Minnesota Civil War Commemoration Task Force
Major Highlights for the Week
Wednesday December 9, 1863
As the U.S. Congress heard President Abraham Lincoln’s annual message that was read by the clerks, Major General John G. Foster superseded Major General Ambrose Burnside in command of the Department of the Ohio. Burnside, criticized for his handling of the Copperhead movement and for not supporting Major General William Rosecrans at Chickamauga, had for some time wanted to leave his departmental command.
A mutiny of Negro troops at Fort Jackson, Louisiana, below New Orleans, was put down by white Federal officers. It arose over alleged mistreatment by one officer of his soldiers.
The English blockade-runner Minna was taken off of the coast of Charleston, South Carolina, just one of many captures during these months.
Thursday December 10, 1863
Fighting flared in east Tennessee as Confederate Lieutenant General James Longstreet tried to gather his command in the Greeneville area. Skirmishing occurred at Gatlinburg, Long Ford, Morristown and Russellville.
Confederate President Jefferson Davis expressed concern over the disposition of troops for the Confederate armies.
United States President Abraham Lincoln, increasingly active, appeared much improved in health after suffering a bout with varioloid.
Friday December 11, 1863
A relatively light bombardment of 220 artillery rounds were fired at Fort Sumter in Charleston Harbor, South Carolina. However, one round exploded a magazine, killing 11 and wounding 41. It was the last bombardment of the year the Federals waged against the fort and it brought no impending signs of surrender.
Confederate Secretary of War James Seddon’s annual report admitted serious defeats, especially in Mississippi, along with reduced military effectiveness because of desertion, straggling and absenteeism. He recommended repeal of the substitute and exemption provisions of the draft law.
Saturday December 12, 1863
Federal troops successfully attacked Gatewood, Lewisburg and Greenbrier River, West Virginia, in the continuing cavalry raids on Confederate railroads. On the front southeast of Chattanooga, a skirmish occurred near La Fayette, Georgia; and in the Knoxville Campaign, fighting occurred at Cheek’s Crossroads and Russellville. Action in Virginia flared near Strasburg and from Williamsburg to Charles City Courthouse.
Sunday December 13, 1863
Skirmishing increased with action at Hurricane Bridge, West Virginia; Powell’s River near Stickleyville, Strasburg, and Germantown, Virginia; and in east Tennessee at Farley’s Mill and Dandridge’s Mill. Other fighting occurred at Ringgold, Georgia; and at Meriwether’s Ferry, Bayou Bouef, Arkansas.
Mary Todd Lincoln’s half-sister Emilie Todd Helm visited the White House. Mrs. Helm was the widow of slain Confederate Brigadier General Benjamin Hardin Helm, who was killed at Chickamauga.
Monday December 14, 1863
Confederate Lieutenant General James Longstreet attacked Federal troops at Bean’s Station, Tennessee. In a sharp engagement, Federals under Brigadier General James M. Shackelford were driven back, then made a stand, only to be driven back the next day.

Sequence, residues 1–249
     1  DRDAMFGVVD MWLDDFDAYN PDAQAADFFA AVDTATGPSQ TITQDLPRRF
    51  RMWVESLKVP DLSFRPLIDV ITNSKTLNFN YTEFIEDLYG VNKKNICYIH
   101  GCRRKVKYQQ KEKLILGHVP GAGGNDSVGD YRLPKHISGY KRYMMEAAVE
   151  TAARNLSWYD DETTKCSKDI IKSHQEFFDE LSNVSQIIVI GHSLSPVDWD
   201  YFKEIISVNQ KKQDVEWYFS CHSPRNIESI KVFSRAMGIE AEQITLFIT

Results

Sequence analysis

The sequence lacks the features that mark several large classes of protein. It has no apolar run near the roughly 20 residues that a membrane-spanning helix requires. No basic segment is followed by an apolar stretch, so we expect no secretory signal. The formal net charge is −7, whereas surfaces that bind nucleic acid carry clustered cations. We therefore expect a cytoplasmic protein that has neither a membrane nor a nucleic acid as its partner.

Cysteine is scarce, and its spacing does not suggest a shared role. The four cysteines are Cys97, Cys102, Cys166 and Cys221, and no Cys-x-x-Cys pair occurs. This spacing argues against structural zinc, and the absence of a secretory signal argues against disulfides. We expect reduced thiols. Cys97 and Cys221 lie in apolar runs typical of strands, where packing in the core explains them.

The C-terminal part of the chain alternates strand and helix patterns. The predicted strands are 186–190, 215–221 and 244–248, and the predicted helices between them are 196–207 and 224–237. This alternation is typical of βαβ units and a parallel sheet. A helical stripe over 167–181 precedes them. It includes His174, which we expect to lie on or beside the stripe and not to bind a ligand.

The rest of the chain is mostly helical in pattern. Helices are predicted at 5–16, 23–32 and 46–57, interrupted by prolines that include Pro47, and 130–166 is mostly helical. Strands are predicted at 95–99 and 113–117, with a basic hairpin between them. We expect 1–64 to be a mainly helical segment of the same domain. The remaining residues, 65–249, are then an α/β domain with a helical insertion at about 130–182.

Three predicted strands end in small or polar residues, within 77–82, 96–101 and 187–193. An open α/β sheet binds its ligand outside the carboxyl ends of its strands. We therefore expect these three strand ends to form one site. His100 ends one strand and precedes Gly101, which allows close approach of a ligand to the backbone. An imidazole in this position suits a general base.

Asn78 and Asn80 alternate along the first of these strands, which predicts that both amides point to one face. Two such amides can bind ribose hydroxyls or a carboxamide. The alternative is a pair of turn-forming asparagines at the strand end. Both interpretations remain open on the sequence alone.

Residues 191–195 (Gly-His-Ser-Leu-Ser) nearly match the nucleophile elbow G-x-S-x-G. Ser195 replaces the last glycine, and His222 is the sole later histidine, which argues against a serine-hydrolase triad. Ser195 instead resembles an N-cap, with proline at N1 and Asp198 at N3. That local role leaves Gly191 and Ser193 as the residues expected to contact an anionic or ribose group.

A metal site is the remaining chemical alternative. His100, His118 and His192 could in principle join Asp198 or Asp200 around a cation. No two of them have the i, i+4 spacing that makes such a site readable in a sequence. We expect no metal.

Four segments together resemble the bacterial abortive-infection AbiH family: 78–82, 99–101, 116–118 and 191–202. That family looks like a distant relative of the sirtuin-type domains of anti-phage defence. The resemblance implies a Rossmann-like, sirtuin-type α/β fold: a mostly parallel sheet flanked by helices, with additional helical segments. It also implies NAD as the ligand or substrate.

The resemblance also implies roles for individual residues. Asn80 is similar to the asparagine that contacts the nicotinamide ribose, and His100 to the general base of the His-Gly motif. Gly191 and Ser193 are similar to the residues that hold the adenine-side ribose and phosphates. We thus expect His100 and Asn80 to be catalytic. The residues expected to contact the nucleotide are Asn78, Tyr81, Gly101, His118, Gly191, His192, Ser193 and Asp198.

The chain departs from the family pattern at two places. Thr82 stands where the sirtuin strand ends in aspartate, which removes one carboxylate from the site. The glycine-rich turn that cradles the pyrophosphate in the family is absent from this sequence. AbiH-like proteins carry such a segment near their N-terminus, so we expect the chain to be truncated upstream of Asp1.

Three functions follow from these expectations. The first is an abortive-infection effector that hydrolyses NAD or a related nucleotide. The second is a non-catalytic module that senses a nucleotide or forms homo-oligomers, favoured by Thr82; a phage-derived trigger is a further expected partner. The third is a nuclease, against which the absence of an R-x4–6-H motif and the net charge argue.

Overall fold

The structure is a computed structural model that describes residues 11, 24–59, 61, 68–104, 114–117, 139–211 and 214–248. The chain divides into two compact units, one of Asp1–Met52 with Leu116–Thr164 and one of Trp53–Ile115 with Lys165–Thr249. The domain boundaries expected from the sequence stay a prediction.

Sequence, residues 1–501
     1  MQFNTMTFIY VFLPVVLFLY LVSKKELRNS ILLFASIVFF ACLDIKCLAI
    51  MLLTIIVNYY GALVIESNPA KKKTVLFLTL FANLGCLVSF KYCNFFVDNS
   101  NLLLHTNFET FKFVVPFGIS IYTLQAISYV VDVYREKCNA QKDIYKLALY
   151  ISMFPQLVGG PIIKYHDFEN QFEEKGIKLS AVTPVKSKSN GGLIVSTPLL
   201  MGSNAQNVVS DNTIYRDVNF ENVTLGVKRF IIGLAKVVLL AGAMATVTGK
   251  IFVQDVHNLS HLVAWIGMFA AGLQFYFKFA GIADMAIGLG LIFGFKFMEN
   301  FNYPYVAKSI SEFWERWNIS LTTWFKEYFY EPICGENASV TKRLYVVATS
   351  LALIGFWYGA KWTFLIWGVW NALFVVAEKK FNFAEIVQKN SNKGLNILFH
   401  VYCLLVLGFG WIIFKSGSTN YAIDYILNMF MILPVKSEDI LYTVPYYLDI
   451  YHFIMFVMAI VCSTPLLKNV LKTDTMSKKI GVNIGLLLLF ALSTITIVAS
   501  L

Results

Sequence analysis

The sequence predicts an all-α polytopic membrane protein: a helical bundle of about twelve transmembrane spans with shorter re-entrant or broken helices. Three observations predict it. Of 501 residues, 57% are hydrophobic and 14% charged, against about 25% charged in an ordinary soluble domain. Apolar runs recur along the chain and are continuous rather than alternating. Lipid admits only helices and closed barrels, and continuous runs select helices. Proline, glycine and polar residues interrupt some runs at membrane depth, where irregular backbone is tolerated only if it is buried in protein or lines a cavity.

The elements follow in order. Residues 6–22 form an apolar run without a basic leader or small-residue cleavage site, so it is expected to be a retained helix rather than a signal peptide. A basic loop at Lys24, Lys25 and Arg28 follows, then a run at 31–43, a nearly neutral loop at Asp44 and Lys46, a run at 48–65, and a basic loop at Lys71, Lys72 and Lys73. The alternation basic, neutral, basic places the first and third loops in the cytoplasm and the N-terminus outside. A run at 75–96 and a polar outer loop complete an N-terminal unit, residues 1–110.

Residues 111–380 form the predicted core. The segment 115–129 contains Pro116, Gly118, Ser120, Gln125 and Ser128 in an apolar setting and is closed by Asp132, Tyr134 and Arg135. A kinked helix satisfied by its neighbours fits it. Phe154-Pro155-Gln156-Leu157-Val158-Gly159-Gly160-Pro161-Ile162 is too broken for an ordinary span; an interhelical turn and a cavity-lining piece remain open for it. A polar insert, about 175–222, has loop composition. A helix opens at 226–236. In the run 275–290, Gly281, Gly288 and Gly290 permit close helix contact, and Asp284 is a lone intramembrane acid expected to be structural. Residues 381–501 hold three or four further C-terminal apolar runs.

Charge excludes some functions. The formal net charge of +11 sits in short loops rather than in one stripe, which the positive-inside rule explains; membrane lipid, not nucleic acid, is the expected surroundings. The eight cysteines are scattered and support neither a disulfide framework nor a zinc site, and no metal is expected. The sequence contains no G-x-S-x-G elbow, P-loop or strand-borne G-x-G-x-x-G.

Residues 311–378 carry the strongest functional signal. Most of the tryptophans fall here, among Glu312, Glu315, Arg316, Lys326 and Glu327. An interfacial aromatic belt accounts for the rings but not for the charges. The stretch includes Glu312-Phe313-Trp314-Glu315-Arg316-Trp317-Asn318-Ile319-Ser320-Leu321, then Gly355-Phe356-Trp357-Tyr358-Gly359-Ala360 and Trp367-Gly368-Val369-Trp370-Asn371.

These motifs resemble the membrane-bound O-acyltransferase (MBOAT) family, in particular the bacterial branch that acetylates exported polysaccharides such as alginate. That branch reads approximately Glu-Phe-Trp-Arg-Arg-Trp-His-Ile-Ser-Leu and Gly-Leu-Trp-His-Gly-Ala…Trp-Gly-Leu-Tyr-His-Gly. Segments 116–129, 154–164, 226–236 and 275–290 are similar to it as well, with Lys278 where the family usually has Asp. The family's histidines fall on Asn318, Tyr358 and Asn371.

President Abraham Lincoln announced that his wife’s half-sister, Emilie Todd Helm, had been granted amnesty after taking the oath the Union, as provided by the presidential proclamation of December 8.
Tuesday December 15, 1863
Action was near Pulaski and Livingston, Tennessee; and at Sangster’s Station, Virginia. Confederate Major General Jubal A. Early was assigned to the Shenandoah Valley District.
Where Minnesota Regiments were the week of December 9-15, 1863
1st Minnesota Volunteer Infantry – In camp in Stevensburg, Virginia until Feb. 5, 1864.
2nd Minnesota Volunteer Infantry – On duty in the Ringgold, Georgia area until December 29, 1863.
3rd Minnesota Volunteer Infantry – Participated in the capture of Little Rock, Arkansas, where they remained for garrison duty until April 28, 1864.
4th Minnesota Volunteer Infantry – On duty at Bridgeport and Huntsville, Alabama until June 22, 1864.
5th Minnesota Volunteer Infantry – On duty in La Grange, Tennessee to guard Memphis & Charleston Railroad and scout after Confederate Major General Nathan Bedford Forrest.
6th Minnesota Volunteer Infantry – On garrison duty in Minnesota until June 9, 1864.
7th Minnesota Volunteer Infantry –On duty in St. Louis, Missouri until April 20, 1864.
8th Minnesota Volunteer Infantry – On garrison duty in Minnesota until May 24, 1864.
9th Minnesota Volunteer Infantry – Moved to Jefferson City, Missouri for duty guarding railroad from Kansas Line to near St. Louis. Stationed at Rolla, Jefferson City, LaMine Bridge, Warrensburg, Independence, Knob Noster, Kansas City, Waynesville and Franklin with headquarters in Jefferson City until April 14, 1864, and at Rolla from April 14 – May 1864.
10th Minnesota Volunteer Infantry – On garrison duty and provost duty at Jefferson Barracks, Missouri until April 21, 1864.
1st Regiment Minnesota Cavalry “Mounted Rangers” – Mustered out of Federal service effective December 7, 1863.
Brackett’s Battalion of Minnesota Cavalry – On duty along the Tennessee River from Huntsville to Bellefonte, Alabama until January 7, 1864.
Hatch’s Independent Battalion of Cavalry – Companies A, B, C and D on duty at Pembina until May 5, 1864.
1st Minnesota Light Artillery Battery – On duty at Vicksburg, Mississippi, until April 4, 1864.
2nd Independent Battery, Minnesota Light Artillery – On duty near Rossville, Georgia until March 21, 1864.
3rd Battery, Minnesota Light Artillery – Four sections on duty at Pembina, Fort Ripley, Fort Ridgely and Fort Snelling until June 5, 1864.
2nd United States Sharpshooters, Company A – In camp in Virginia until May 4, 1864.